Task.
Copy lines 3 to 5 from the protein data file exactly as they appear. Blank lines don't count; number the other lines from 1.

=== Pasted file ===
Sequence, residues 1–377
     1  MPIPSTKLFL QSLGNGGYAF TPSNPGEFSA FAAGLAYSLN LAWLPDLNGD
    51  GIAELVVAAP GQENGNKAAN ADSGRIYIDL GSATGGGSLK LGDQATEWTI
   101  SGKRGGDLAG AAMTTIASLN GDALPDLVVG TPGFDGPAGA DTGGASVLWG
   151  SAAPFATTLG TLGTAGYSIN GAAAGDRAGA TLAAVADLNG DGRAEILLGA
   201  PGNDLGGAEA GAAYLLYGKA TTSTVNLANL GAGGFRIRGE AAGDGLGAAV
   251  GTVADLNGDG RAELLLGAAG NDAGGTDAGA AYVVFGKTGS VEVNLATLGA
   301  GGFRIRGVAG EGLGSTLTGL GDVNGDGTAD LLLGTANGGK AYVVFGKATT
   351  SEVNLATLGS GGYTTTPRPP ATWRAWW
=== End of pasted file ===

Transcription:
    51  GIAELVVAAP GQENGNKAAN ADSGRIYIDL GSATGGGSLK LGDQATEWTI
   101  SGKRGGDLAG AAMTTIASLN GDALPDLVVG TPGFDGPAGA DTGGASVLWG
   151  SAAPFATTLG TLGTAGYSIN GAAAGDRAGA TLAAVADLNG DGRAEILLGA